Scientific Objectives


The cost of drug development has increased sharply in recent years, while approval of innovative drugs has declined. This “productivity gap” represents a major challenge for the pharmaceutical industry in Europe and throughout the world. One of the main reasons for the lack of new, innovative drugs is the high attrition rate during drug development. Three factors are major contributors and represent 66% of the causes for termination of drug development projects: toxicity in animals (20%), non-acceptable unwanted effects in humans (11%) and lack of therapeutic efficacy (25%). Both lack of efficacy and unpredicted toxicity is due to the paucity of mechanism based and predictive preclinical toxicity testing approaches.


The objective of Predict-IV is to provide an improved predictivity of the non-clinical safety testing well in advance of performing animal safety testing (pre-phase I development) and clinical trials (phase I and beyond).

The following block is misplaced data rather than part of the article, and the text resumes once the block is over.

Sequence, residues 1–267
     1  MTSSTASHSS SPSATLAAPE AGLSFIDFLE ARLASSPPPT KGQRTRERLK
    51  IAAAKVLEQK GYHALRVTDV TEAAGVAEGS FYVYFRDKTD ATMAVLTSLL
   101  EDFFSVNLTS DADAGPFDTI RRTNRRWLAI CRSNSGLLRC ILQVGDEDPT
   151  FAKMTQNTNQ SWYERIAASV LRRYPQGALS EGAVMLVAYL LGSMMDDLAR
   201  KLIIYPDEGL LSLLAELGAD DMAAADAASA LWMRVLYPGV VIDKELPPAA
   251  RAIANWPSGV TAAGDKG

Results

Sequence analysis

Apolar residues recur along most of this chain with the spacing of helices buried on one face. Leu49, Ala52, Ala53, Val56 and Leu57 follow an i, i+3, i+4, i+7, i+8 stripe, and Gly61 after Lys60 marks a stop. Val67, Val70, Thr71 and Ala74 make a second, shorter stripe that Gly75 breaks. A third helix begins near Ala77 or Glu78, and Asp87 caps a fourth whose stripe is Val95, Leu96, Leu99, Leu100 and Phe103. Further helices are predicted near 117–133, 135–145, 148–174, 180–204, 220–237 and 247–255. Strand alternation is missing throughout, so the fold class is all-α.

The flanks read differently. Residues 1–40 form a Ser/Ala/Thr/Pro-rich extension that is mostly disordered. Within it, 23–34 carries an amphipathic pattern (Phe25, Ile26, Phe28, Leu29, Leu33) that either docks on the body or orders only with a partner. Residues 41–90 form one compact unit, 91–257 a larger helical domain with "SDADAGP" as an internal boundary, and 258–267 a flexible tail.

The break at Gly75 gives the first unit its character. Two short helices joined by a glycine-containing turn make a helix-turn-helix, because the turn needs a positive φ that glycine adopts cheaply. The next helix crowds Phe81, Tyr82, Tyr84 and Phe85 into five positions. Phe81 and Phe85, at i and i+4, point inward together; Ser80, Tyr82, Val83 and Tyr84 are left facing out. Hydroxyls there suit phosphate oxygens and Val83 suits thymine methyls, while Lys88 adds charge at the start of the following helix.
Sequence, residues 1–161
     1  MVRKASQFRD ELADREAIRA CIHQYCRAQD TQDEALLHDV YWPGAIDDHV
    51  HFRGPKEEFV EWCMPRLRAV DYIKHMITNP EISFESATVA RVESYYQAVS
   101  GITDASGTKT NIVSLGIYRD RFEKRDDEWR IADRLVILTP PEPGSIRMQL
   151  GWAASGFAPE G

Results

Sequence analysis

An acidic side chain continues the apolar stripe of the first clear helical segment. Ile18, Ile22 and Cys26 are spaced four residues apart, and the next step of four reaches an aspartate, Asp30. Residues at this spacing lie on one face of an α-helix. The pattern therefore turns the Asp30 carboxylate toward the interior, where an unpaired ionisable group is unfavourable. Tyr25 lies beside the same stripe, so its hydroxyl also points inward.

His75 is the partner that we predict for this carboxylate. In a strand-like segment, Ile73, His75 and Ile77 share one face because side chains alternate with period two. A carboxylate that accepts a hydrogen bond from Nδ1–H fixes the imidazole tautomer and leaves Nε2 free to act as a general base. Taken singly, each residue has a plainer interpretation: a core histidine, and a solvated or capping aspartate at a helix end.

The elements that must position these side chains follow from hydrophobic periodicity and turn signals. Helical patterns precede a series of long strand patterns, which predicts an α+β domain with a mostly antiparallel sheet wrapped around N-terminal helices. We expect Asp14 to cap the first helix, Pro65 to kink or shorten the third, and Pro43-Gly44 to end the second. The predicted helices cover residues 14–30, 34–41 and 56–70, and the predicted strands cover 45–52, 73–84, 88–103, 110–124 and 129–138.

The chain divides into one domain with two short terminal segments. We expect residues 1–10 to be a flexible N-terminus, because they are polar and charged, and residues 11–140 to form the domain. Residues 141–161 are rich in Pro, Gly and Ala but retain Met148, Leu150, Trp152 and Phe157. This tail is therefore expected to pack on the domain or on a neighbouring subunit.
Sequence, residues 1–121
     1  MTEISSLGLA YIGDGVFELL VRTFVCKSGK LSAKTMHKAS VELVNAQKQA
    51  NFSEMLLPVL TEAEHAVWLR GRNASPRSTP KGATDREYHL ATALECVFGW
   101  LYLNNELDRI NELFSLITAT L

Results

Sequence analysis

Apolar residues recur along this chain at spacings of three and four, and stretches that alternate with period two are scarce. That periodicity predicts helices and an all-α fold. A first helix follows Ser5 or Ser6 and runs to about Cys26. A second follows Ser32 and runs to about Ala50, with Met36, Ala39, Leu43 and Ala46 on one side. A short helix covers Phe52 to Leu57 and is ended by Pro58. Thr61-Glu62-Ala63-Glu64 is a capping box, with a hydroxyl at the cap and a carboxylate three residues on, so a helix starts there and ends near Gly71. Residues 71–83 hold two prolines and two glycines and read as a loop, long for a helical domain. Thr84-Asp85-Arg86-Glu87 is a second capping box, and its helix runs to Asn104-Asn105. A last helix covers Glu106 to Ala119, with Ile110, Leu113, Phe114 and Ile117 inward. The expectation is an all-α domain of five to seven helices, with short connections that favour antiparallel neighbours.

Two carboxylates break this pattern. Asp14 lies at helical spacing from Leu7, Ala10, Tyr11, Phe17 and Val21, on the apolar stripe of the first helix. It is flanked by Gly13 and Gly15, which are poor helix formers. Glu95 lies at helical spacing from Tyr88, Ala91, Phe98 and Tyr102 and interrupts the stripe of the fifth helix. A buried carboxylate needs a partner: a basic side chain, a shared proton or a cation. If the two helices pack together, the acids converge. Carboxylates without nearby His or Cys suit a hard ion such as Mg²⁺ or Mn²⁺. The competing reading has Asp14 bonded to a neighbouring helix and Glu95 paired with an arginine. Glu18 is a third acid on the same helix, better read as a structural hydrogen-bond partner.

Recent advances in tissue and bioreactor technologies, molecular biology, toxicity modelling, and bioinformatics are leading to new approaches in the integration of toxicity testing in vitro into the early stages of drug development, with the possibility of significantly increased predictability. The project will integrate these new developments to improve and optimize cell culture models for toxicity testing and to characterize the dynamics and kinetics of cellular responses to toxic effects in vitro. The target organs most frequently affected by drug toxicity will be taken into account, namely liver and kidney. Moreover, predictive models for neurotoxicity are scarce despite the fact that the neuronal system is a frequent target of undesired side-effects of drugs. The CNS is therefore addressed by the call and included as a target system. For each target organ the most appropriate cell model will be used. The choice of these models is based on availability and biological relevance to toxicity. It is envisaged to adopt and optimize the “best choice” of established cell systems rather than to undertake development of new cellular models.